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Communications.

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NO WRITER ATTRIBUTED

Editors Daily Crimson:

The writer in Friday's CRIMSON who objected to the line of argument used in your editorial of the day before would probably have remained silent had he perceived the fallacy of the argument from percents. He cannot see how Yale may, with a smaller number to start with, gain more proportionately and at the same time gain less in real numbers. Let us suppose that we have two cities-one with a population of ten thousand and the other with five hundred thousand. The former makes again of one hundred per cent. in a given time, while the latter only gains four per cent. The writer of the communication thinks that because the small town is making a greater proportional growth it is actually out-stripping the large one. Now when the small town gains 10,000 inhabitants the greets one gains 20.000. How long will it be before the small town equals the large one? The writer cannot perceive that as long as the small town does not gain more in actual numbers than the large one, it can never come any nearer to it than it was at the beginning. It is true nevertheless.

Again, the writer is very much at fault in his conclusions about the statistics used by the CRIMSON. He cannot understand why the recent gains of Yale over Harvard with respect to western men should be called accidental. Taking the Advocate's figures between 1878 and 1886, you will find that the number of men at Harvard from the west rose from 191 to 348-a gain of 157, while the number of such men at Yale increased from 288 to 410-a gain of 122. Perhaps the writer is not aware that Yale has made its extraordinary growth during the three years beginning with '87-'88. Until that year it had been growing very slowly indeed. Between 1882 and 1886 Yale gained only 38 students while Harvard gained 316; since that time Harvard has gained 391, and Yale (mainly in three years, remember), 343. Is there any very good reason why this extraordinary spurt should be called anything but accident, seeing that it never happened before?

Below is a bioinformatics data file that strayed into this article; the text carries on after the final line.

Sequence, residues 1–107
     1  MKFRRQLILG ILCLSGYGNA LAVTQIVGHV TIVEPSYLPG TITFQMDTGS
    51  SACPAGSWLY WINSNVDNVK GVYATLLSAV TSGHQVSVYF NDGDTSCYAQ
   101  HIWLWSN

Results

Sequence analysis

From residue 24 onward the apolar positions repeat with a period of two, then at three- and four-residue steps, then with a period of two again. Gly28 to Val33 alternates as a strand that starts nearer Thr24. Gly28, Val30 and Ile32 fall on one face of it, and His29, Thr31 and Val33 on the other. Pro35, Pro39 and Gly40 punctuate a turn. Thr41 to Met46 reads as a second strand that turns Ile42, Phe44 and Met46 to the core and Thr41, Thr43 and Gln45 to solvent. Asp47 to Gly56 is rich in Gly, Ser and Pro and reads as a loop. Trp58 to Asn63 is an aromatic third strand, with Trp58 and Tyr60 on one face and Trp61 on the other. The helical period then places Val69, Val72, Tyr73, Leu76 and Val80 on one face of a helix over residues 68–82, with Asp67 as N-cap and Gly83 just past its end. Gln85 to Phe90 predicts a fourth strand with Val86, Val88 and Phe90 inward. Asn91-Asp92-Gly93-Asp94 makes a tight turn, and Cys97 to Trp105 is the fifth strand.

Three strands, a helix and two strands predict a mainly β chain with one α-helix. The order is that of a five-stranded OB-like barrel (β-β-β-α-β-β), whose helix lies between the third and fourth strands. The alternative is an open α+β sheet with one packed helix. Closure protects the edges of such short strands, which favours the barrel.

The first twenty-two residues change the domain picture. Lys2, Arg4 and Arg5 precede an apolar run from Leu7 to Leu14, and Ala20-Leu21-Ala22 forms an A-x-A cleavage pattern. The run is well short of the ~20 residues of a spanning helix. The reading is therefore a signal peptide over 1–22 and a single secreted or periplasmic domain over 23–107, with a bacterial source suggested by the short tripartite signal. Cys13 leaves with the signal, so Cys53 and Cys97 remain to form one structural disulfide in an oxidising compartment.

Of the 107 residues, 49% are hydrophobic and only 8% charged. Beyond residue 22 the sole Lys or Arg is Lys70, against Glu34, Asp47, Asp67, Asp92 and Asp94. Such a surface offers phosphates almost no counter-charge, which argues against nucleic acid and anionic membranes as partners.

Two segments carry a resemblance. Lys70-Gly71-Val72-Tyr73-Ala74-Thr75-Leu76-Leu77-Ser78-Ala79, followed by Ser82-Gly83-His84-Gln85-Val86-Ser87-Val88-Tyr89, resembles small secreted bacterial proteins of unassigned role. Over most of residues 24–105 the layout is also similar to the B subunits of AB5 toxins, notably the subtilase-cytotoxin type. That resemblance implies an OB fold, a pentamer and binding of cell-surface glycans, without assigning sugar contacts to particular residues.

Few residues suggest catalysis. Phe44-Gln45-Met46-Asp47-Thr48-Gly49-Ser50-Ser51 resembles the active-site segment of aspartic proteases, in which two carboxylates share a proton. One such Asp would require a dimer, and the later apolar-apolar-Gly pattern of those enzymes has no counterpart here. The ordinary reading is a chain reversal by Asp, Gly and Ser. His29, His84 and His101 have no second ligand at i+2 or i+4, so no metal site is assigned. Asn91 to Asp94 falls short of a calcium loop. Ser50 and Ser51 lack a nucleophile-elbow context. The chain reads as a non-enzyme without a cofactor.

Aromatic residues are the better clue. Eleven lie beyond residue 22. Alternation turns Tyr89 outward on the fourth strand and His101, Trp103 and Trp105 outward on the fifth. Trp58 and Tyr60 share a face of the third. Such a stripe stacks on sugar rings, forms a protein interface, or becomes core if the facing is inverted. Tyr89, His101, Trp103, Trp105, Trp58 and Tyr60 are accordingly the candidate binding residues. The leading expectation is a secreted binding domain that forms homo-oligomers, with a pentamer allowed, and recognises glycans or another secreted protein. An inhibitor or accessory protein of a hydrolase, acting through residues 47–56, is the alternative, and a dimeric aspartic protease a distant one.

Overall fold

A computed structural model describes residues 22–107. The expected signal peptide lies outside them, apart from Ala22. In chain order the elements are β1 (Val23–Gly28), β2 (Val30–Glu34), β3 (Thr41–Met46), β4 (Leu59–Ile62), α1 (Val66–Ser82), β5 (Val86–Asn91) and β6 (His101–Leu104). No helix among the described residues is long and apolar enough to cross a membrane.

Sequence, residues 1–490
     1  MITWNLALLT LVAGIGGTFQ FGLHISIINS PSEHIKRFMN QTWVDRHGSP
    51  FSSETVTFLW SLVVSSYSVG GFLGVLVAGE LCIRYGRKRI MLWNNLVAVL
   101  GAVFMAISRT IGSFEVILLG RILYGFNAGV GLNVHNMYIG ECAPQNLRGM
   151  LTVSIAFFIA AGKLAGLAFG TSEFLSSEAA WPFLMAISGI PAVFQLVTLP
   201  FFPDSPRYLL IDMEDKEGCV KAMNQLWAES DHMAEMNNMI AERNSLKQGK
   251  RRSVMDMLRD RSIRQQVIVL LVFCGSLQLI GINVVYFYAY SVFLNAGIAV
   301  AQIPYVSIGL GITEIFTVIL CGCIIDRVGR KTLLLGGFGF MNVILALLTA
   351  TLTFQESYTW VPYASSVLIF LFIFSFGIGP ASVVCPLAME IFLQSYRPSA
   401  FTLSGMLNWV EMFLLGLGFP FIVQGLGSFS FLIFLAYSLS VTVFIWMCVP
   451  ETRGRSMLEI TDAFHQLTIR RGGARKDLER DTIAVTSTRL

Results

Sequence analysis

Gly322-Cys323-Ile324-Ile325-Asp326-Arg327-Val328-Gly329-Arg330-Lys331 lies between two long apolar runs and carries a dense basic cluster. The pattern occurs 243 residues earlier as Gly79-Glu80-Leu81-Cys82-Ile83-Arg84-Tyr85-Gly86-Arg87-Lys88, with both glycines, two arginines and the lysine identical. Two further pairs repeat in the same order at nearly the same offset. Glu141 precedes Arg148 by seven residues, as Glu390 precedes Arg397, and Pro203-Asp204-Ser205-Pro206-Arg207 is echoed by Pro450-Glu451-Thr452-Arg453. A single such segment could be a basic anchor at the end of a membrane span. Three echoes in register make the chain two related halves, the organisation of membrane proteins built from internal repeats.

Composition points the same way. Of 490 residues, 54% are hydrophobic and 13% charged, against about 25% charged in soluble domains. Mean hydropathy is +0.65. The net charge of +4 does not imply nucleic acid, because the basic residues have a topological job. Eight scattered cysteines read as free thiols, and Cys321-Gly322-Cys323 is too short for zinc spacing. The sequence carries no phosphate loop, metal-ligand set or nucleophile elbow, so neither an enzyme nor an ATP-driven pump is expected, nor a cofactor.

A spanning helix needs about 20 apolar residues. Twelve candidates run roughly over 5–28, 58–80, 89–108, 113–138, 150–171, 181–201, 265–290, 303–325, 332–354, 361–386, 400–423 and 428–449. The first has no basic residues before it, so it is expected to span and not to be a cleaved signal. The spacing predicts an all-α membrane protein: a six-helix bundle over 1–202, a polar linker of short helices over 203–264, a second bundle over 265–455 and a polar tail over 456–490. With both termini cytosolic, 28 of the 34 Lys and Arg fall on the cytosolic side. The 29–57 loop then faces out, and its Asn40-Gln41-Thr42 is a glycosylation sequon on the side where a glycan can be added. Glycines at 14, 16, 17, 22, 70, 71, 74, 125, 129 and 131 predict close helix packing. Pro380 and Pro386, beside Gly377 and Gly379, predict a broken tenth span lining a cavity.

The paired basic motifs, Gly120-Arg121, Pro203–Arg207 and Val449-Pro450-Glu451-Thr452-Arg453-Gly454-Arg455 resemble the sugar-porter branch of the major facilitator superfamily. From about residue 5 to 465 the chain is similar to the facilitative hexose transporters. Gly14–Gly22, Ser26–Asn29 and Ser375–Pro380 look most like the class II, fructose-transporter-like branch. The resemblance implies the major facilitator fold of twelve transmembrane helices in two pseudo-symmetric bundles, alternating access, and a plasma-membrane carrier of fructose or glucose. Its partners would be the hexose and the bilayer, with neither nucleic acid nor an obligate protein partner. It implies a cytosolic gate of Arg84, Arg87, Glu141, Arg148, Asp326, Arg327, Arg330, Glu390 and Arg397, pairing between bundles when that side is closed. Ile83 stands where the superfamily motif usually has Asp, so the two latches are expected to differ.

It is quite true that Harvard has gained since 1882 264 men from the west, to 235 for Yale. Equally true is it that since 1886, Yale has gained 213 such men to 193 for Harvard. But this increase has been made in the usual ratio. Between 1882, and 1886 the ratio of their gain was 22 from the west with a total gain of 38. I claim that it is not far wrong to say that the great increase in the number of western men at Yale is abnormal, just as it is fair to say that the immense growth of the whole college in late years is abnormal.

Would it not have been just as fair to argue, before 1888, that Yale was becoming a mere side show compared with Harvard, as it is to conclude the Harvard is becoming provincial on account of the recent growth of Yale? Either argument is false and trivial because it is based on insufficient data. Why not rather view the subject from the point of view of several decades, as the CRIMSON does, instead of trying to find ground for alarm in the figures for five, or more correctly, three years? If there is "versatility of misapprehension" anywhere, it is not confined to the CRIMSON.

Again, Harvard from '82 to '86 made a total gain of 316, and 22.8 per cent. or 71 of these were from the west. Since 1886 we have 391, of whom 193 or 49,4 per cent. were from the west. That is to say the proportion of western men in our gains is now more than twice as great as it was five years ago. Between '82 and '86, we gained on an average 18 western men a year, since 1886 we have gained an average of over 38 men a year. This year we gained 51. Does this look like a tendency to become more and more provincial?

I base the above argument on the figures in the Advocate. Any one may satisfy himself of its truth in five minutes. It is quite true that the college proper has gained only 13 western men in the past year and has not been gaining as fast as Yale in this respect for some time, but I argue that there is nothing in the least alarming in this fact, because the facts for a few years show nothing of the tendency of the college.

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